Flash Point on the Road to the White House

They were gleeful over at the Democratic National Committee on July 23. That's when Richard E. Dyke, Maine finance chairman for Texas Governor George W. Bush's Presidential bid, abruptly resigned after reporters began quizzing him about his business dealings. Dyke's company, Bushmaster Firearms Inc., is notorious for using loopholes to sidestep a 1994 federal ban on assault rifles. To avoid a furor, Dyke stepped down.

It was another casualty in the political gun wars. The fuss didn't give much pause to the Bush juggernaut, but it gave Democrats an early chance to use the Texan's gun record as target practice for Campaign 2000. As the public recoils from a new wave of gun violence, tougher gun laws could become a centerpiece of the political debate this election season.

Millions of votes may be in play, especially those of women. In mid-July, more than 60% of women polled by the nonpartisan Pew Research Center said a member of Congress who had voted against gun control didn't deserve reelection. The Pew poll found that voters of nearly all stripes favor gun control: Minorities, college grads, the elderly, and those making more than $75,000 a year are more likely to oppose a pro-gun candidate. Says Pew Director Andrew Kohut: ''The best one can do if one is an opponent of gun control is hope the issue doesn't come up.''

Not a chance. Gore already is exploiting what he sees as a vulnerability in Bush's otherwise unflappable campaign. In May, Gore cast a dramatic tie-breaking vote to pass a Senate measure that would require background checks for people buying weapons at gun shows. On July 12, he followed up with a plan that calls for a three-day waiting period, a ban on ''junk'' guns commonly used in crimes, mandatory trigger locks, stiffer penalties for illegal sales, and a national licensing system.

NARROW LINE. In contrast, Bush has signed bills that make it easier to legally carry concealed weapons and tougher for localities to sue gunmakers. The ''compassionate conservative'' echoes the National Rifle Assn. refrain: Better enforcement of existing laws, not new rules, is the answer to crime. Yet even Bush is quick to boast of gun-control measures he has enacted--including tougher penalties for selling guns to kids--and his support of instant background checks at gun shows.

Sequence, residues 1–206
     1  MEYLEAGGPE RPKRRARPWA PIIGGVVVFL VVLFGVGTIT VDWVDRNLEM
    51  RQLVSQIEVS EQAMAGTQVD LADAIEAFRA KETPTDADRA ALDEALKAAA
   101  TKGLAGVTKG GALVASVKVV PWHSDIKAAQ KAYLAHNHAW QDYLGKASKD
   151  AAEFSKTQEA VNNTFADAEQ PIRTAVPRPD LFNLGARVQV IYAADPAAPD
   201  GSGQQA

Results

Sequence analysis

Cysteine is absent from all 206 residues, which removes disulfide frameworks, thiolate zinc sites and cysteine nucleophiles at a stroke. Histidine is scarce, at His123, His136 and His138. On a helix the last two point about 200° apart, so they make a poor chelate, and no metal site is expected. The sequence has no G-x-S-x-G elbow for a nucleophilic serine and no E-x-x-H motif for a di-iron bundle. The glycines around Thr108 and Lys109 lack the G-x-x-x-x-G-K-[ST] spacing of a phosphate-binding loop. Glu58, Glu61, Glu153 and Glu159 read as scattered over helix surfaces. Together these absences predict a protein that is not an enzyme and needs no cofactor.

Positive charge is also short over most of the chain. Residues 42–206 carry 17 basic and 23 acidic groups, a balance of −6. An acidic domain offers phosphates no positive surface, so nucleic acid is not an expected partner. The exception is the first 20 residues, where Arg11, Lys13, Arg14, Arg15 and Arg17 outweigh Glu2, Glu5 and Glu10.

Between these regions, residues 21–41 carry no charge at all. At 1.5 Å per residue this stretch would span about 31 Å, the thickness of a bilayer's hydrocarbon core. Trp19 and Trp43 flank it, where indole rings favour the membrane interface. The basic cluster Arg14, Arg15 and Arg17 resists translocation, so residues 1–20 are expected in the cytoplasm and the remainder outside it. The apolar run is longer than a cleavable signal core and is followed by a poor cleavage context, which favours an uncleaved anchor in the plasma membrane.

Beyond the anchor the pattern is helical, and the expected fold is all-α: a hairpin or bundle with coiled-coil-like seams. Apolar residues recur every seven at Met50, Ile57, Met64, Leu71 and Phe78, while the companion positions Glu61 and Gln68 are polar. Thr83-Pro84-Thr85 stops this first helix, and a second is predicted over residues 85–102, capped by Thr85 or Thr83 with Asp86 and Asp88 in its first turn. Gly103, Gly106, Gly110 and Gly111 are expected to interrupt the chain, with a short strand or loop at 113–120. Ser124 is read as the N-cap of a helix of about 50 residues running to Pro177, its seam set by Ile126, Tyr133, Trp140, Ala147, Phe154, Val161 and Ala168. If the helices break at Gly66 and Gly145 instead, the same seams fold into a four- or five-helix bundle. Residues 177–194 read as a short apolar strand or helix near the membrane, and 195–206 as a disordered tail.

He's walking a narrow line. To appeal to conservatives in primary states, Bush must stress his pro-gun bona fides. But that could cost him in the general election. Hard-liners already detect some waffling. Larry Pratt, executive director of the ultraconservative Gun Owners of America, fears Bush will wimp out. ''He seems to be trying to avoid definition,'' Pratt fumes.

Pro-gun folks argue that fallout from gun violence can actually cut both ways. After all, NRA membership and donations spiked 20% after the Littleton massacre. And the NRA won a huge victory this spring when the House killed a Clinton proposal to clamp down on gun-show sales.

Still, that win might be the last for a while. On July 30, the House backpedaled from its earlier hard line and told conferees to accept gun-show background checks in talks with the Senate on a final bill. As such, Democrats are convinced that they have found a wedge issue that could help them retain the White House and maybe even regain the House. The GOP worries that they may be right.

By Lorraine Woellert in Washington, with Richard S. Dunham in Austin, Tex.

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